What is flexible working?
Flexible working just means that the employer is able to accommodate a range of working arrangements. Some people may prefer the traditional 9 to 5.30 in the workplace every day, with an hour’s break at lunchtime. Others may prefer to arrive or leave earlier or later than those hours. Some may prefer to work elsewhere occasionally, or regularly. Flexible working means different things to different people. But the more flexible you can be, the more productivity you will get from your employees.
In employment terms, flexible working might encompass a whole range of things. These can include flexi-time, flexible working hours; working from home, either regularly or occasionally. Or it might mean working from another location. Flexibility for employees might include fitting round family and caring responsibilities. For example people might want to finish early and make up hours at other times. Or they might need to work round the school run. It can mean they don’t need to watch the clock. They can stop feeling guilty for arriving later or leaving earlier than colleagues.
Why is flexibility important for my business?
Allowing individuals to have flexible work arrangements which suit their needs gives them the chance to do their work when they feel most able to. This means they will be more productive. There are other benefits for the employer, as well. You may be able to cover a longer working day with a variety of people. Some may prefer an early start and some want to finish late. So you have a better chance of someone being available when your customers need your services.
Your reputation as a good employer will spread and you may find it is easier to recruit and to retain the staff you have got. The people who work for you are likely to feel more trusted and valued and so will put in more effort for you.
You may even find that absence is reduced if people feel more able to work from home if they have a cold or upset stomach.
Recruitment as a flexible employer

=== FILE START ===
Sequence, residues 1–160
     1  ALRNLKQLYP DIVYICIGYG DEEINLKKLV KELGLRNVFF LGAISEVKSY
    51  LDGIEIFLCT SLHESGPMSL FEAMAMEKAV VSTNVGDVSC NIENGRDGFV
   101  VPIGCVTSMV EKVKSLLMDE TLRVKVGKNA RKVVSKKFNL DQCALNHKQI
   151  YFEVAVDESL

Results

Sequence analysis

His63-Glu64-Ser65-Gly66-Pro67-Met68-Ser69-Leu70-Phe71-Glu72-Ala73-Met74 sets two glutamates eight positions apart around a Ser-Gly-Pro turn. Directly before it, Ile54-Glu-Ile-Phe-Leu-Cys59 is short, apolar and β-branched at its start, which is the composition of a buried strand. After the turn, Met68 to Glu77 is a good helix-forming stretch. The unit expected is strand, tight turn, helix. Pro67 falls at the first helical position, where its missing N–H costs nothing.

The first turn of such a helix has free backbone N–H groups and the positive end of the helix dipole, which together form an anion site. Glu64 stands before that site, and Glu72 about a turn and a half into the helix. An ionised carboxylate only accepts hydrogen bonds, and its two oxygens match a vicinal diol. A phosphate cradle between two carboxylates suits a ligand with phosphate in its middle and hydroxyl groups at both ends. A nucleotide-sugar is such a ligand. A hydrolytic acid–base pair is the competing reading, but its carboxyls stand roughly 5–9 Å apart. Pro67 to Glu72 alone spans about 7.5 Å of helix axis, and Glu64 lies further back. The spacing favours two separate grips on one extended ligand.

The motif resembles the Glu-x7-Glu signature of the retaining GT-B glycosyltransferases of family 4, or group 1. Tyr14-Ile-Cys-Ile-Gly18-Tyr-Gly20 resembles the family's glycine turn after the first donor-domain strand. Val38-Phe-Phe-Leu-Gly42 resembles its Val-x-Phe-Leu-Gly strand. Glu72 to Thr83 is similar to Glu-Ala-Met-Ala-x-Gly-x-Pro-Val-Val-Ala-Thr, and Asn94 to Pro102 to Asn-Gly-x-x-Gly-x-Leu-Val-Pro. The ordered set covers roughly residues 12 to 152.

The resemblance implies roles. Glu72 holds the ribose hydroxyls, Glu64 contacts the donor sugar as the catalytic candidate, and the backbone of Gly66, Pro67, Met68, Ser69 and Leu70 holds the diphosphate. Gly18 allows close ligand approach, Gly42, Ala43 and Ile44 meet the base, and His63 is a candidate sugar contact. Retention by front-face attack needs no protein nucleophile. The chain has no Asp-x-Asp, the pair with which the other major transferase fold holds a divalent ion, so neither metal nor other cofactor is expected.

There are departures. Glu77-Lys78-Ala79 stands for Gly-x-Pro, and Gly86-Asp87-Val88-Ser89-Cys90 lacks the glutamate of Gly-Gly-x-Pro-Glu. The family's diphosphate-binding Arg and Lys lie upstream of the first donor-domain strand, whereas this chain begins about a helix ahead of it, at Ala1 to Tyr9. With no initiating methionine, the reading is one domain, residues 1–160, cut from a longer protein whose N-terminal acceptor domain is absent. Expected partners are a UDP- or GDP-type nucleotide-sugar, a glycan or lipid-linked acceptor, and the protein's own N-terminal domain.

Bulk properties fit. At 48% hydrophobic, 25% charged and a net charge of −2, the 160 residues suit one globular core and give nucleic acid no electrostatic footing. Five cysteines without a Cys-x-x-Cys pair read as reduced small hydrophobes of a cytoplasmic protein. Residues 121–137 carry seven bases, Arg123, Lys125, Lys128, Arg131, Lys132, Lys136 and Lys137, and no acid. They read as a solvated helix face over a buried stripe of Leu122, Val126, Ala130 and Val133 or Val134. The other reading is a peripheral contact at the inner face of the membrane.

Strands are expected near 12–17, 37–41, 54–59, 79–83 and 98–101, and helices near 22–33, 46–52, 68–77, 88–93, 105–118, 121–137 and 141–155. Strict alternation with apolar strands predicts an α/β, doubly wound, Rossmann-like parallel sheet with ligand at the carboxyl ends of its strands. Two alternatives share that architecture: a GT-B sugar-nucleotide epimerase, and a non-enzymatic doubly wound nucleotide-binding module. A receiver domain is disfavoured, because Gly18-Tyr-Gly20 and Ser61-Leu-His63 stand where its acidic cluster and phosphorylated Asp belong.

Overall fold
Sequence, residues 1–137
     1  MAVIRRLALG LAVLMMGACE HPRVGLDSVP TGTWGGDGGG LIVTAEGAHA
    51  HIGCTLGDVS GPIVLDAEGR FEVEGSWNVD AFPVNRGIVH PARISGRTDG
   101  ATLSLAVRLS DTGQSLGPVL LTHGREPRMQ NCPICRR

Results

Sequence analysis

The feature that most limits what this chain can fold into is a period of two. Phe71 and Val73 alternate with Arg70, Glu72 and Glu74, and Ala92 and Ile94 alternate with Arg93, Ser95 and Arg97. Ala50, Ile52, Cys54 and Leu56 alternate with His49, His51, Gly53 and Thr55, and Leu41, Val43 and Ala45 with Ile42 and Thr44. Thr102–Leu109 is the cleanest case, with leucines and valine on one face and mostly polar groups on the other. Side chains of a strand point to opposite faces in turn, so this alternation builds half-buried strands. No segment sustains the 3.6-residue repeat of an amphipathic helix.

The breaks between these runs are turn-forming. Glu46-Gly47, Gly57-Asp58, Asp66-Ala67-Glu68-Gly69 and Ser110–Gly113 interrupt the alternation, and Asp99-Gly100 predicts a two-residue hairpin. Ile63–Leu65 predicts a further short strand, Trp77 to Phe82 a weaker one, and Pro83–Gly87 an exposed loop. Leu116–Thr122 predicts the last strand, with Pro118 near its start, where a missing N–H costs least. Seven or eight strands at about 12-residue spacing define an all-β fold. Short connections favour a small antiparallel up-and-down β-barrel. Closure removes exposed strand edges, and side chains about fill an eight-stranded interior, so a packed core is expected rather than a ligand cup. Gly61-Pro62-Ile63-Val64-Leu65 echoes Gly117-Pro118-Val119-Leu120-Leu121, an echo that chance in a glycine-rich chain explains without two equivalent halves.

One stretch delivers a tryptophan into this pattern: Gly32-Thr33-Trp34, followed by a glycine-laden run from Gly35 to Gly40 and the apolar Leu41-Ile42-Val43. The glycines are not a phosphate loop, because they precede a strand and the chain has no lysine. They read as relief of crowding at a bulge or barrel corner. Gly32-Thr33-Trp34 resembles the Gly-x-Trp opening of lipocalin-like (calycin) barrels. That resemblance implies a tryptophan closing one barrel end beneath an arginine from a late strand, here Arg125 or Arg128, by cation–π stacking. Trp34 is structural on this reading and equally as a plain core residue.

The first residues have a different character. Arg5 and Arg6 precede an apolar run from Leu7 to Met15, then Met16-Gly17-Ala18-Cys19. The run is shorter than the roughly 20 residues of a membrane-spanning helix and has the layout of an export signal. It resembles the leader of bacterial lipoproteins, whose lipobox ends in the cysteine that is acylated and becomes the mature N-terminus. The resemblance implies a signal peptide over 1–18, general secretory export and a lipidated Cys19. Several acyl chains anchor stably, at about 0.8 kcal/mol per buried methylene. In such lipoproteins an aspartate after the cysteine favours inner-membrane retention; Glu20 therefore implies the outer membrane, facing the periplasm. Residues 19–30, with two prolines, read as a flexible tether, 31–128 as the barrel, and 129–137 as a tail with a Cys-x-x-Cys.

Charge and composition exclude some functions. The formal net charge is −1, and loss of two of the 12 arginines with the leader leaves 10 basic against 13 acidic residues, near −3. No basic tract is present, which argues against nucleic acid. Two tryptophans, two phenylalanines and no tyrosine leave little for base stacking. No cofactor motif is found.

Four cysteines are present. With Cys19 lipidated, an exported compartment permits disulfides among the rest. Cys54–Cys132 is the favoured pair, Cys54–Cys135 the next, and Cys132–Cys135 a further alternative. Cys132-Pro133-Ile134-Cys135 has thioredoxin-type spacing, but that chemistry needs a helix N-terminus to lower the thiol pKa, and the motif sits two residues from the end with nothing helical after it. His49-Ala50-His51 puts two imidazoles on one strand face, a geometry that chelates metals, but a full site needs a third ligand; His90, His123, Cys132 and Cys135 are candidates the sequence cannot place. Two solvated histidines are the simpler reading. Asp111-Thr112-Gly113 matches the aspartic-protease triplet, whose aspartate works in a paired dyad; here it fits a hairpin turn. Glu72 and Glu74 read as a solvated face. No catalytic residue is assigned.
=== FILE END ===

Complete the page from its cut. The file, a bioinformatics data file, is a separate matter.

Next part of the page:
Previous articles have talked about employing older workers or carers and both these groups of people will benefit from flexibility in the workplace. Research shows that older people would be very appreciative of flexible working hours. Working with these needs would widely increase your pool of available employees.
Beware, though, of advertising that you are an employer who offers flexibility, and then not allowing people to work flexibly. This can be seriously detrimental to your reputation and employer brand. If the operations of your business are such that you cannot allow flexibility, then it is far better to admit that openly. Explain the situation to potential employees, giving the reason why. You may lose a few candidates as a result, but the benefit is that employees will know what to expect. So they will only accept a role if they feel suited to your environment.
How do I make flexibility work?
The most important factor in a successful employer/employee relationship is trust. If you build a culture of trust within your business, then you will be able to introduce flexible working and know that your employees will not take advantage of you.
As managers, we often find it hard to trust our employees to get on with the work when we are not watching them. My experience is that most people can be trusted. If you give them that trust, they will bend over backwards to avoid taking advantage.
You need to get across the message that you trust your employees to do their job and behave like adults. They also need to understand that the work is their responsibility and that you will judge them by the results they achieve, rather than the hours they do. Interestingly, having the conversation and allowing them to work flexibly will increase their commitment. They know what is good and don’t want to risk losing it. In fact, most people work longer, and harder, when trusted to be flexible.
What if I can’t allow flexible working?
Where people request flexible working in some form or other, then try to accommodate such requests wherever possible. This means that on the occasions when you really cannot allow some flexible working, people will understand that there is a good reason why. If you do have to turn down such a request, then make sure the individual understands the reason why it cannot be allowed.
If you are going to give people trust and autonomy, without checking up on them, then you also need to establish regular contact. Make sure you build in team events and training opportunities. Arrange regular meetings (in person or otherwise). This will prevent people feeling abandoned, unloved , forgotten or not needed. It will also prevent them from heading off down a different work path than the one you need.
On the odd occasion you may find that someone has betrayed your trust and has not produced the required work, or has clearly been taking advantage. In those cases, make sure you deal promptly and strongly with the issue. This prevents any resentment or repetition from colleagues.
I am a great advocate of trust in the workplace. If you want employees to flourish in your workplace, then equip them with the skills and tools they need. Then give them the freedom (and support) to fly. If you allow flexible working, they will return your trust in spades. You will then find that you have a motivated, productive and happy workforce.
If you think this article is useful and you would like more advice on dealing with this – or any other people-related issue in your business – please join our mailing list, or contact us for further guidance.